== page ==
The warm reds, yellows and oranges, accented by a few cool pastels mimicked the stunning sunset I had just witnessed. The white flowers on the steps invited passersby in past the posts and pillars to the festive porch.

“House of lights” is my Photo of the Week.

© Bruce Stambaugh 2015

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Friends of friends become your friends, too

friends, birthday celebration

Friends Ruth, Don and Ken before Gail arrived for the surprise. © Bruce Stambaugh 2015

By Bruce Stambaugh

I contemplated the circuitous route of just how I happened to be sitting beneath a party canopy in this Ontario, Canada couple’s backyard. It’s a long but enjoyable story.

It all started when my wife was 14-years-old. Of course, Neva wasn’t my wife then. We married young, but not that young.

Neva accompanied her youth group to a church conference in Kitchener, Ontario, Canada in 1964. With hundreds of teenagers from around the U.S. and Canada attending, with the teens assigned to sleep in homes of local folks.

That’s where Neva met Ruth. Ruth’s family hosted Neva. Neva and Ruth connected right away, and they kept in touch. Seven years later, Ruth and her husband, Ken, attended our wedding in northeast Ohio.

They returned to Ontario. We set up shop here. We all began our careers and started families. We visited Ken and Ruth once when our daughter was just two. Now her youngest child is five. Time melts away, doesn’t it?

With the internet, texting, email, and online chatting science fiction, correspondence via regular mail diminished over time. Life got in the way of our long distance friendship.

About 20 years ago, that unexpectedly changed. Neva saw an advertisement for a tour. She called the toll-free number and guess who answered? Ruth.

friends meeting

Meeting place. © Bruce Stambaugh 2015

Their personal connection was restored. Ken and Ruth have visited us here in Holmes Co., and we’ve returned to their place in Kitchener. We even vacationed together once. Sometimes we meet in between.

When Ruth learned that Neva and I had become snowbirds to Florida’s Amelia Island, she mentioned that their across the street neighbors also wintered there. That’s where our life circle began to expand.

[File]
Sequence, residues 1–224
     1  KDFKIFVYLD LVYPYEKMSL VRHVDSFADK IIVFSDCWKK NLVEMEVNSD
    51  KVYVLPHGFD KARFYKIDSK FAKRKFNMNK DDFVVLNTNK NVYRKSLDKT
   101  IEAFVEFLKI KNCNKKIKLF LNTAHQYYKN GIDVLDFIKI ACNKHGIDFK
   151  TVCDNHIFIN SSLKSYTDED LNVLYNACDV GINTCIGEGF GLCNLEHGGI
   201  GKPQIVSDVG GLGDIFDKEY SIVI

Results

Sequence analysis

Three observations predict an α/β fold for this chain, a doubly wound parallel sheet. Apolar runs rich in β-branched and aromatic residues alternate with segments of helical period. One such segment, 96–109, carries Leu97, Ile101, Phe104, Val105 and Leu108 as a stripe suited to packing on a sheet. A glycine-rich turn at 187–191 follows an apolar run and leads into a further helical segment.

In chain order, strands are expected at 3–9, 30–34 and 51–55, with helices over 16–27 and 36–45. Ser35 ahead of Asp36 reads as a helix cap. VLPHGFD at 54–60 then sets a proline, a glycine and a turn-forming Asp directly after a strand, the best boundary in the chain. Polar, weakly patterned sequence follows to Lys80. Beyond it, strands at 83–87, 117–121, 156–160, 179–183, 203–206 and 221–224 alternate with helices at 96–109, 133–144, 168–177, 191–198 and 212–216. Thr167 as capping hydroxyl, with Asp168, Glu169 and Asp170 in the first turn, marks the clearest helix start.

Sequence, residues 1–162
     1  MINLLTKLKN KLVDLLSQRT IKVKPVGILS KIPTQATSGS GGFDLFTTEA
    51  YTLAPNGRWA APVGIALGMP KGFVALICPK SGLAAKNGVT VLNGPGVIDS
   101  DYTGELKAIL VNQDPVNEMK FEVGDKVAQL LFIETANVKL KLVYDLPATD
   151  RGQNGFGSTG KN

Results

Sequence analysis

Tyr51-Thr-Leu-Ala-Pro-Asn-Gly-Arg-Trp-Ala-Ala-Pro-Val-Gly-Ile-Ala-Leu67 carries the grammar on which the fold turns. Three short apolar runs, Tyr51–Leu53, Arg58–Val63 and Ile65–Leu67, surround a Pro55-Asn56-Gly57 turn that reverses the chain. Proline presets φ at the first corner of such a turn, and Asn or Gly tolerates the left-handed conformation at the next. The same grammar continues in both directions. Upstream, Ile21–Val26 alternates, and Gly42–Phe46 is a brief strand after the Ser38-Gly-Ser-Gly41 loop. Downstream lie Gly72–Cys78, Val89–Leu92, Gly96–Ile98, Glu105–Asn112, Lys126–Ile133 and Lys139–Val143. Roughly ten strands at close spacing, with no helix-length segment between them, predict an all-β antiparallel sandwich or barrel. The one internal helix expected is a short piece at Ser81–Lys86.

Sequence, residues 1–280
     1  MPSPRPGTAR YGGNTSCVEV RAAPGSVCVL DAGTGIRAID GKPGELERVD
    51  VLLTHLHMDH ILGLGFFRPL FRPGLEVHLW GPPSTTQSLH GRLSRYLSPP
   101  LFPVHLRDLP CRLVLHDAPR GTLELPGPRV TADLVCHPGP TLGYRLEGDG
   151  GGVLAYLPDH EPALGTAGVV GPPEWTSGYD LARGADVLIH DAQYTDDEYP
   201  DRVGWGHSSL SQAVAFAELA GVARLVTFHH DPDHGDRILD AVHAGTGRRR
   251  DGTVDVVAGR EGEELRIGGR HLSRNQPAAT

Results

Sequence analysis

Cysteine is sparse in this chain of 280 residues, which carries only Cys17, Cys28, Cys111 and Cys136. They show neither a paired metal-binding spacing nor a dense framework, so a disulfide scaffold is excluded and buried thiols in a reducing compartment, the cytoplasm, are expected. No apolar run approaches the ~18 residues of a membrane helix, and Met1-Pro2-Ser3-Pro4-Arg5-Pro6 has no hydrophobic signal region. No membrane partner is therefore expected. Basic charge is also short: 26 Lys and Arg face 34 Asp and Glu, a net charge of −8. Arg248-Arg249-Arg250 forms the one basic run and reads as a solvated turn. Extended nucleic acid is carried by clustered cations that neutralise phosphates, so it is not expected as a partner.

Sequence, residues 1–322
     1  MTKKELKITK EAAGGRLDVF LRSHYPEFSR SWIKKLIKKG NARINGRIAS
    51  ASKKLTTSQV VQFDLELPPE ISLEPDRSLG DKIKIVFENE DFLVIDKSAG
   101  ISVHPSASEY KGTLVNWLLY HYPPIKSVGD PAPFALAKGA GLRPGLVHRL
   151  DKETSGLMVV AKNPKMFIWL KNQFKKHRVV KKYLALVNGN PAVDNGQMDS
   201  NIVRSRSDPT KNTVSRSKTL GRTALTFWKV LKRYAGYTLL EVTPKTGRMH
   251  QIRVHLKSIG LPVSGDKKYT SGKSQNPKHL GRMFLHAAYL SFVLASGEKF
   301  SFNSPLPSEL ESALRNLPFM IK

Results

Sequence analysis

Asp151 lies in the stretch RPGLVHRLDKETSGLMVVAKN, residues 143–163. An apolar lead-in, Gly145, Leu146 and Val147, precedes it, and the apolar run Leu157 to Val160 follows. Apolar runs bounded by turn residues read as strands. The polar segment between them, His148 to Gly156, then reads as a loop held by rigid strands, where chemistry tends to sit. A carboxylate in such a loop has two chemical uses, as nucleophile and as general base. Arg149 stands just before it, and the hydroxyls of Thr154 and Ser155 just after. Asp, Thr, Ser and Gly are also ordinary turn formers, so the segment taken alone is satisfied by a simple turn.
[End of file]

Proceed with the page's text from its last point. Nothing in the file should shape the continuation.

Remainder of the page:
Ruth exchanged contact numbers with their neighbors and us, and the result was pure magic. In February 2014, we arranged to meet Don and Gail at a coffee shop in Fernandina Beach, the island’s only town.

Before the first sip of coffee, the four of us were yacking away as if we had been lifetime friends. Gail was born in England and still has that lovely disarming accent that is as genuine and gentle as she is. Don was from Bermuda and carries that notorious island swagger with him still, even though he’s been a Canadian now for years.

We chattered like teenagers at a soda shop. It didn’t take long to discover that both Don and I had been volunteer firefighters. As if that wasn’t enough to cement our friendship, photography and nature were also common hobbies.

Having been to Bermuda a couple of times ourselves, we knew many of the locales they mentioned. Don shared stories from his childhood until the present.

true friends

Gail and Neva. © Bruce Stambaugh 2015

Gail and Neva got along famously, too. While Don and I were off shooting too many photos, our wives were happy just to shop, browse thrift stores, or sit and share. They clicked like childhood friends.

A carpenter by trade, Don was intrigued to learn that the wood industry was king in our county. Over the next month, we would take day trips together, go out to eat, or just play dominoes. That pattern repeated last winter.

That brings me back to sitting under the canopy. We surprised both Don and Gail by crashing her surprise birthday party.

For that little coup, you can blame Ken and Ruth. That’s what lifelong friends do for one another. They help create other equally robust friendships.

That’s the thing about friendship circles. They enrich your life.

friends

Friends. © Don Brown 2015

© Bruce Stambaugh 2015

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Coneflower visitors

insects, coneflowers

Coneflower visitors. © Bruce Stambaugh 2015